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Spectra connected to a bright rectangular form
The three photos on the right show colored border spectra that arise when you look at a bright rectangular form on a dark background through a prism. This has already been described in principle on the page
border spectra. The colored spectra extend into the bright rectangular form from the upper border in red/yellow and from the lower border in blue/turquoise. They appear within the rectangular form and thus are related to the form.

If the height of the rectangular form is gradually reduced, from 8mm (Fig. 1) to 4mm (Fig. 2) and further to 2mm (Fig. 3), the two border spectra at the top and bottom move closer and closer together until they form a common spectrum (Fig3). In addition to the colours of the upper border spectrum (red/yellow) and the lower border spectrum (blue/turquoise), the colours green and orange appear in the middle of this common spectrum. It contains all the colors of a rainbow: blue, turquoise, green, yellow, orange and red. It arises from the two border spectra, when they come close together
under certain geometric conditions.

 

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Fig. 4  Enlargement of the bottom part of Fig. 3 
This spectrum contains the rainbow-colours: blue, turquoise, green, orange and red.

Spectra connected to a darkt rectangular form
The four photos on the right show colored border spectra that arise when you look at a dark rectangular form on a white background through a prism. The colored spectra extend from the top border of the form in blue/red and from the bottom border in red/yellow into the white space, which surrounds the dark form. Because they appear outside the dark form they are related to the space around the form.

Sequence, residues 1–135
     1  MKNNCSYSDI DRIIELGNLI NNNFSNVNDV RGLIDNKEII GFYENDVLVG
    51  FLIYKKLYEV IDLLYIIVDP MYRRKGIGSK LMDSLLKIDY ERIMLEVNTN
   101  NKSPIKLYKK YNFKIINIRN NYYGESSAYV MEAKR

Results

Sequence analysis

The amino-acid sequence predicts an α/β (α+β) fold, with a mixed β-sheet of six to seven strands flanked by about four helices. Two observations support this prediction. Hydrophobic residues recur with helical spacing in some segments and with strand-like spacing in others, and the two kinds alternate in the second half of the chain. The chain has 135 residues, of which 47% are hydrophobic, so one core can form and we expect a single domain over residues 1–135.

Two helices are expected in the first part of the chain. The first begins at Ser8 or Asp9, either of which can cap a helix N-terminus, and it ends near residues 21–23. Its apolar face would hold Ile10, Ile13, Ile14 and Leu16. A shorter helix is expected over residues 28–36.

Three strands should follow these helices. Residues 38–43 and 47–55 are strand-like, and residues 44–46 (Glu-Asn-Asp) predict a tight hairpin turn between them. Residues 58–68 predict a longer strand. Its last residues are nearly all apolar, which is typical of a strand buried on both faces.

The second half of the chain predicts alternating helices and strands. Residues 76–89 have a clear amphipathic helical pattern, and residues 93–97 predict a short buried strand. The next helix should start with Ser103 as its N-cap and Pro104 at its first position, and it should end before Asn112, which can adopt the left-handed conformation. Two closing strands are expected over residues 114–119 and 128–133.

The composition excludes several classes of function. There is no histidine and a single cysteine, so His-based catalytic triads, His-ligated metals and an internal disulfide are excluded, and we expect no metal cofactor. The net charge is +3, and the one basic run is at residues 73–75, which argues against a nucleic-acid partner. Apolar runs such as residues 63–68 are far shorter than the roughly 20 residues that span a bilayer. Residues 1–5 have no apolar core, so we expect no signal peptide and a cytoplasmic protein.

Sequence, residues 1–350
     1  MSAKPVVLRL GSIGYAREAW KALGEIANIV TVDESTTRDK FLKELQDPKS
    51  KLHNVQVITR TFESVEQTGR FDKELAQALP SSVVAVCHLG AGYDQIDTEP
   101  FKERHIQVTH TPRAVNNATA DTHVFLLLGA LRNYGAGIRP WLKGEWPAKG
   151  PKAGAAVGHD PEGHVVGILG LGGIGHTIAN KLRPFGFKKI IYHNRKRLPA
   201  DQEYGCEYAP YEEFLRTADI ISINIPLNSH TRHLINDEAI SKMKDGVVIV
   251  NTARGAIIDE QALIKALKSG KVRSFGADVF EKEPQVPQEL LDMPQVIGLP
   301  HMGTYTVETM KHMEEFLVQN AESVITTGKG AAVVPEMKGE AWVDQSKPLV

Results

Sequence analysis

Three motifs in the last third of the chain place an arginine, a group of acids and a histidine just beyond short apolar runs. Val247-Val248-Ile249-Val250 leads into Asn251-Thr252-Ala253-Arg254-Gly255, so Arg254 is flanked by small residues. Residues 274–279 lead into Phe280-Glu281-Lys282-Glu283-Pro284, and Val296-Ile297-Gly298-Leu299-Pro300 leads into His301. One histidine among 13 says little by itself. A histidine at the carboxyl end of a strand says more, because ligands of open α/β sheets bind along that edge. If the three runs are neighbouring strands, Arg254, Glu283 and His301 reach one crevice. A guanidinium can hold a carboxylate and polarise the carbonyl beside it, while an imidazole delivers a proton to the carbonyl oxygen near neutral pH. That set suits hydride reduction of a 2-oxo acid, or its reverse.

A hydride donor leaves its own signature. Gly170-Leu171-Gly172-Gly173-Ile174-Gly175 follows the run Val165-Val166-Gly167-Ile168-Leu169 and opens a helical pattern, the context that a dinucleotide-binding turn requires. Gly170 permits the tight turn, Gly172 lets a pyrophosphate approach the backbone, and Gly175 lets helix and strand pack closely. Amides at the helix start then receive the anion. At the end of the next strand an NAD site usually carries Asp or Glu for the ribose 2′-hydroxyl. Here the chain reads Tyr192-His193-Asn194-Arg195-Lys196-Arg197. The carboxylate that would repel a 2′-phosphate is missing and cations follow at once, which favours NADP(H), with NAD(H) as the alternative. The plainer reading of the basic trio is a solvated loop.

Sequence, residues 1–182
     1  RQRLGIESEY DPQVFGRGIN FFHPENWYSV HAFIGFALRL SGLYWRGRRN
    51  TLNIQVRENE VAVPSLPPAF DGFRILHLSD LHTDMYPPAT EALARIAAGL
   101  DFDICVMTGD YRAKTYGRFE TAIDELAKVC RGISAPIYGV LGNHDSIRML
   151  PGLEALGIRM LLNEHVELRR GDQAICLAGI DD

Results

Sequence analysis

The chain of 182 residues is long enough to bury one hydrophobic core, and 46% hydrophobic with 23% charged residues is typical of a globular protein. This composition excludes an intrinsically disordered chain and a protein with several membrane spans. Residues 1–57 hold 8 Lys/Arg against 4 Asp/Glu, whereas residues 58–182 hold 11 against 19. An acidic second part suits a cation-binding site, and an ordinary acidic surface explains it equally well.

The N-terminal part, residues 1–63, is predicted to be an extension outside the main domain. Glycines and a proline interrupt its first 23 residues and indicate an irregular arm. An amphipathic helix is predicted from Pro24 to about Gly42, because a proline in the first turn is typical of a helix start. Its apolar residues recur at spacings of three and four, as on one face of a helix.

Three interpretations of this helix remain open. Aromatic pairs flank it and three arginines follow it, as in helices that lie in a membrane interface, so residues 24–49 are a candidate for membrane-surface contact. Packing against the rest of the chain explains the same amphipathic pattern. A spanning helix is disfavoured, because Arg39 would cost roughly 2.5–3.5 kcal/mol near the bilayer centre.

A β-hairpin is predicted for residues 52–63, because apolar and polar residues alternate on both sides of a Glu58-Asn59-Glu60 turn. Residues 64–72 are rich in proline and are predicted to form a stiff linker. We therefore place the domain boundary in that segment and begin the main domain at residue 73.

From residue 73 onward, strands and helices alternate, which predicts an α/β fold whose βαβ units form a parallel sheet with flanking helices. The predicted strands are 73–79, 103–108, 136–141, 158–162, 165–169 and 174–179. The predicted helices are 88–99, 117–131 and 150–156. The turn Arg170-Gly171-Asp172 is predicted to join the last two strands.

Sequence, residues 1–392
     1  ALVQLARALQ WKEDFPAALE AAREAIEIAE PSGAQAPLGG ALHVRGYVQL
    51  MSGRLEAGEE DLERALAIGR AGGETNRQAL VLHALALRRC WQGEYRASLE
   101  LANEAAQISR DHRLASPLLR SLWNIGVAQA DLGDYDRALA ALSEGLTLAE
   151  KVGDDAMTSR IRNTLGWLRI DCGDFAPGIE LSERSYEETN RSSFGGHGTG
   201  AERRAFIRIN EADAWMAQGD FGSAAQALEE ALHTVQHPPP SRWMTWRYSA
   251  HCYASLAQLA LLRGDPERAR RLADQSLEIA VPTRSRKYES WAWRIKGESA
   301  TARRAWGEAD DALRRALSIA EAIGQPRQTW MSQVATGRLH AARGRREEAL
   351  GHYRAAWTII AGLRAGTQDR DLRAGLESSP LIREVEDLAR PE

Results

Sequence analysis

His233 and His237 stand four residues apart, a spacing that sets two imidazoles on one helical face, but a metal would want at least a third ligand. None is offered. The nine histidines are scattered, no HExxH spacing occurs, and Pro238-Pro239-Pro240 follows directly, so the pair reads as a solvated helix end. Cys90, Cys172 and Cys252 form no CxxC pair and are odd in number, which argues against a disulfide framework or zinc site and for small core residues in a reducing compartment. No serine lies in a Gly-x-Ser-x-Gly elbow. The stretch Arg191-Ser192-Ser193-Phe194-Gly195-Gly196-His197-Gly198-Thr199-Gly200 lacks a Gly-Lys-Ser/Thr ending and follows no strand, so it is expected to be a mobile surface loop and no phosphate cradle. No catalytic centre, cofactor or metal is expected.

If the height of the rectangular shape is now gradually reduced, from 8mm (Fig. 5) to 4mm (Fig. 6) and further to 3mm (Fig. 7) and 1mm (Fig. 8), the two spectra above and below move closer together, until they form a common spectrum. In addition to the colours of the upper border spectrum (blue/turquoise) and the lower border spectrum (red/yellow), the common spectrum includes the colour purple (magenta), which appears in the middle: yellow, red, purple (magenta), blue and turquoise. This common spectrum contains colours like in the rainbow spectrum, but they appear in reverse order and with less intensity. The color green from the rainbow-spectrum is missing, and the colour purple (magenta), which does not appear in the rainbow spectrum, appears here. This spectrum appears when the upper and the lower border spectra come close together under certain geometric conditions.

 

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Fig. 9   Enlargement of the bottom part of Fig. 8 
This spectrum contains the colours: yellow, red, purple (magenta), blue and turquoise.

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Fig. 1

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Fig. 5

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Fig. 2

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Fig. 6

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Fig.3

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Fig. 7

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Fig. 8